Dufour Releases Final Design for Aero2 Drone

Tilt-wing eVTOL manufacturer is targeting prototype flight testing by 2024 and serial production by 2025.

Dufour Aerospace Aero2 eVTOL drone

Dufour’s Aero2 eVTOL prototype features tilt wings that can be oriented horizontally or vertically. [Courtesy: Dufour Aerospace]

A tilt-wing electric vertical takeoff and landing (eVTOL) aircraft, billed as “the Swiss Army knife of drones,” just obtained its final design and specifications.

The aircraft in question, Swiss eVTOL manufacturer Dufour Aerospace’s Aero2, has been in development for years and is now entering its final prototype phase, the firm announced Thursday.

It’s a huge milestone for Dufour. Designed to enable flight testing and certification before the autonomous Aero2 enters serial production in 2025, the fourth and final prototype, X2.3, is just about ready to be built. Slated to begin testing in early 2024, X2.3 will bring Dufour closer to European Union Aviation and Safety Agency (EASA) design approval.

The announcement follows Dufour’s historic deal with Spright—a subsidiary of helicopter services firm Air Methods—for the purchase of up to 140 Aero2 aircraft, one of the largest civilian drone purchases to date.

More recently, the company secured a Series B funding raise led by Vista Global, one of the world’s leading private aviation groups. It also earned a $2.8 million grant from Innosuisse, the innovation agency of the Swiss Confederation, the most it was eligible to receive.

Aero2’s unique, tilt-wing design gives it the vertical lift capabilities of a helicopter with the cruise speed of a winged plane. The key differences between X2.3 and Dufour’s previous prototype—which has flown successfully at the firm’s airfield in Dübendorf, Switzerland—are an improved maximum takeoff weight (around 459 pounds) and the addition of hybrid-electric propulsion through a frame contract with Suter Industries.

Dufour’s tilt-wing eVTOL design with its wings in the horizontal cruise orientation. [Courtesy: Dufour Aerospace]

And while the latest prototype is projected to have a slightly slower cruise speed (81 knots versus 92 knots in earlier iterations), Dufour will give it more ground clearance and a larger fuselage and wingspan. Other changes include a new front-loading mechanism, the replacement of a conventional tail with a more stable H-tail configuration, and swapping ducted fans for a rear propeller.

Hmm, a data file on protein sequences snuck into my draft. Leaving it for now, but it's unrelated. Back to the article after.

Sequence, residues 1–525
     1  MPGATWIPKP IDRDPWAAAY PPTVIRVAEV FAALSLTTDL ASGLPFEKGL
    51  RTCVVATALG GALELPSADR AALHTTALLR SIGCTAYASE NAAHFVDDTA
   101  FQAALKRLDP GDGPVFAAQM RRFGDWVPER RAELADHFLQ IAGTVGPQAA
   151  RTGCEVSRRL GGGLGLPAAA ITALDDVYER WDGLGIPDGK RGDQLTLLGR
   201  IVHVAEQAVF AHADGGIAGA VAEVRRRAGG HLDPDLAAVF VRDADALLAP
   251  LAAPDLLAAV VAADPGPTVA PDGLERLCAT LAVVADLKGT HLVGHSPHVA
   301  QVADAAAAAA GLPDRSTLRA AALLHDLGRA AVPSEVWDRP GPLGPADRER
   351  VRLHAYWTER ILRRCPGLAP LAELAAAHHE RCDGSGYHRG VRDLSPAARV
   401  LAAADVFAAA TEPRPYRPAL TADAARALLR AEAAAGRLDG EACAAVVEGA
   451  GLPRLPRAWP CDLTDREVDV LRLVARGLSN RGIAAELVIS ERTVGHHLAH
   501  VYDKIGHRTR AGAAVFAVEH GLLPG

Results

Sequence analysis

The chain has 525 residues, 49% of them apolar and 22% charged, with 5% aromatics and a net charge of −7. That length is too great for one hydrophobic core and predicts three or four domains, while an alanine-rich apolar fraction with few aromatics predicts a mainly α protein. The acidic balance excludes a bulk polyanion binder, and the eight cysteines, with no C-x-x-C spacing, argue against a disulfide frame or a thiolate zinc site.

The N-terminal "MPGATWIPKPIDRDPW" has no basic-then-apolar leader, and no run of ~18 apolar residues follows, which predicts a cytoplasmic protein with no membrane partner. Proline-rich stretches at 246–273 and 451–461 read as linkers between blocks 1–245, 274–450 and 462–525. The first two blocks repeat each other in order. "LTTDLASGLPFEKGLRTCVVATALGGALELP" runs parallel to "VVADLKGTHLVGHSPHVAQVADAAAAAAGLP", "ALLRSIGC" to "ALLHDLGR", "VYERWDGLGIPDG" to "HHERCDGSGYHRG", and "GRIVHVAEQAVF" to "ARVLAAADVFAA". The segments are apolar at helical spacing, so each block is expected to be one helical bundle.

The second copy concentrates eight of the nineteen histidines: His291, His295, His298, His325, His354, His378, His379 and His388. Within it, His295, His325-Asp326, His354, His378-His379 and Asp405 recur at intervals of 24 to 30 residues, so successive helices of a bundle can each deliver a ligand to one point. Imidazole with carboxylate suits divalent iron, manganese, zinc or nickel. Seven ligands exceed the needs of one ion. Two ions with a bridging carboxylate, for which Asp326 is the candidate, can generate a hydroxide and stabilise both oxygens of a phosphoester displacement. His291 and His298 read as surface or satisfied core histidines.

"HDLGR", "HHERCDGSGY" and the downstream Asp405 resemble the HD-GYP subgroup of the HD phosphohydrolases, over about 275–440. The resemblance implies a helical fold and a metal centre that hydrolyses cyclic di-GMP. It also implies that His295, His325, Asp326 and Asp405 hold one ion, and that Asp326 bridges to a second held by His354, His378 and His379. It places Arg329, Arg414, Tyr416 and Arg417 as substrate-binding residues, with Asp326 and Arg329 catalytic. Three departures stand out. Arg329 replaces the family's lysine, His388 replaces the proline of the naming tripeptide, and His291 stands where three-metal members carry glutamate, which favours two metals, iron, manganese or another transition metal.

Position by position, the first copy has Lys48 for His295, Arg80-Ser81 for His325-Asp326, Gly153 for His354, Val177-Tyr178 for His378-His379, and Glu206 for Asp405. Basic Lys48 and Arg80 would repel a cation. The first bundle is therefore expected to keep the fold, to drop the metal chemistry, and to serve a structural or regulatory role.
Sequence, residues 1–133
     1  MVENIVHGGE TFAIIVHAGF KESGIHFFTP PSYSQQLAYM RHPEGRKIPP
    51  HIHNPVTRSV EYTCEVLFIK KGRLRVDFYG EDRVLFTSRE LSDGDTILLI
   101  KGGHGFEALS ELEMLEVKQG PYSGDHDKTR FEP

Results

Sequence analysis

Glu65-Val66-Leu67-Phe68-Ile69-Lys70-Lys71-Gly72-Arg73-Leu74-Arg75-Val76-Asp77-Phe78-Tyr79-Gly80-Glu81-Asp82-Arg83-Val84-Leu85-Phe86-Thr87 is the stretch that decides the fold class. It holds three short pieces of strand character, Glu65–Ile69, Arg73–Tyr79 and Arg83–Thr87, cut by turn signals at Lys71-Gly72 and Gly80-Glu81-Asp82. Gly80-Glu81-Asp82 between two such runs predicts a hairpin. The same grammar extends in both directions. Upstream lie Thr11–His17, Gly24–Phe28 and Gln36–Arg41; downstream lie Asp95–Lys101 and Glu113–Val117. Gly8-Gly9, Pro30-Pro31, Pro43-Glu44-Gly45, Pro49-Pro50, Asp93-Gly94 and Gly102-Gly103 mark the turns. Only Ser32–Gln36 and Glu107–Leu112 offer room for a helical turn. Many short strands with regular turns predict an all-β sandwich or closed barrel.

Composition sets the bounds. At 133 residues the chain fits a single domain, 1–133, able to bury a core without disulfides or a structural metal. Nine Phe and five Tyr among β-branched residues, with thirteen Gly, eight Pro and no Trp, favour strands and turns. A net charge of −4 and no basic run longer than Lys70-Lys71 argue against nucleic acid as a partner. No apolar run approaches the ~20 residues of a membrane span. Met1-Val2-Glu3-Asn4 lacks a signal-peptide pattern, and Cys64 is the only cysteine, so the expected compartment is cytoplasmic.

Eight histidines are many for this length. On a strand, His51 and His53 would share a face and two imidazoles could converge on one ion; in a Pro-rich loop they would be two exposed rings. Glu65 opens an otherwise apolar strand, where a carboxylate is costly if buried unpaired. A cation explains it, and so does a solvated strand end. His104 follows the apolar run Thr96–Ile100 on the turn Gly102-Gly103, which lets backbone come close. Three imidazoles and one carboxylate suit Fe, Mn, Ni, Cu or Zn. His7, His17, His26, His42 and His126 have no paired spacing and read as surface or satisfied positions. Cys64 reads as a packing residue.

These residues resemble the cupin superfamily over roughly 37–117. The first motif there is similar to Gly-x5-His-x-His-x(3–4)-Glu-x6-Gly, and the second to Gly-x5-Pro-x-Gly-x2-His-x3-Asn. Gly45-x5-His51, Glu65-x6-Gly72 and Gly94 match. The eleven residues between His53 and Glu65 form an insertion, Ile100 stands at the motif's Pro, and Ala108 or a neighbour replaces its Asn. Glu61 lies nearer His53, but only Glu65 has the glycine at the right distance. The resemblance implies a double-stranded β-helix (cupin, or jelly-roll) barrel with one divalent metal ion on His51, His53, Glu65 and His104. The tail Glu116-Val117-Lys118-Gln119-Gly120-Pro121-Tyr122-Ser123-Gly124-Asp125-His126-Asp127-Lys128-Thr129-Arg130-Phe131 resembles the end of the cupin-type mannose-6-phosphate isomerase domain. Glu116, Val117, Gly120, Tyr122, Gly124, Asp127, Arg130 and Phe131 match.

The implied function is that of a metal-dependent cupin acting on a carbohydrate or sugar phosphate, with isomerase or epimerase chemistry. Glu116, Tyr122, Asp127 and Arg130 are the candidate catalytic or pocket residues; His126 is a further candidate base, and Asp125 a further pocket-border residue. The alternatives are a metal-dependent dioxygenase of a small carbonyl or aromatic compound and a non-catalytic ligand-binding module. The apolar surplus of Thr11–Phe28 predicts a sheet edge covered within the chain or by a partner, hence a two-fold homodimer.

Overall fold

“Aero2 is able to transport 88 [pounds] over a distance of 215 nm. The structure and systems have to be safe and aerodynamically efficient, and delivering this is not an easy task,” said Simon Bendrey, Dufour’s head of design. “I’m especially proud of the hard work of our teams to lock in a design that will meet or exceed our customers’ stringent requirements.”

Aero2’s specifications—which also include redundant motors and control surfaces as well as a flight time of three hours in standard configuration—make it a good fit for multiple operations, hence the “Swiss Army knife” moniker. 

Dufour envisions it being used to deliver critical cargo, such as blood and vaccines, conduct remote sensing and data gathering (including beyond the visual line of sight), and enable public safety operations from search and rescue to wildfire prevention to border monitoring.

Now, the company is acquiring the materials needed to build the X.23 design, which will align with EASA’s Specific Assurance and Integrity Level IV (SAIL IV) standards. The agency has yet to fully define the requirements and means of compliance for that approval, which would enable operations over populated areas. But as soon as it does, Dufour plans to apply for it.

“Dufour Aerospace is working hard to develop the Aero2, and we have full confidence in their ability to deliver their innovative product,” said Joseph Resnik, president and CEO of Spright. “We’ve worked closely with the team at Dufour for more than one year now and are pleased with the progress being made. In close contact with our existing and prospective customers, we see a huge potential for this aircraft for numerous applications.”

In addition to the Spright deal, Dufour agreed to a long-term contract with Blueberry Aviation that will see the commercial aircraft and helicopter specialist purchase 100 Aero2 drones. The agreement also calls for Blueberry to acquire 100 Aero3 aircraft—a larger, piloted model that Dufour expects will become its flagship product.

Aero3 will maintain the tilt-wing and hybrid-electric propulsion components of Aero2 and is expected to handle a similar range of operations. The difference is it will hold up to eight passengers and fly farther, faster, and more efficiently than its predecessor, capable of carrying a useful load of 1,650 pounds.

Dufour is working to certify Aero3 by late 2025, about a year after Aero2 is expected to be approved. Worth noting, though, is the firm initially anticipated serial production of Aero2 to begin this year—that date has now been pushed back.

Jack is a staff writer covering advanced air mobility, including everything from drones to unmanned aircraft systems to space travel—and a whole lot more. He spent close to two years reporting on drone delivery for FreightWaves, covering the biggest news and developments in the space and connecting with industry executives and experts. Jack is also a basketball aficionado, a frequent traveler and a lover of all things logistics.

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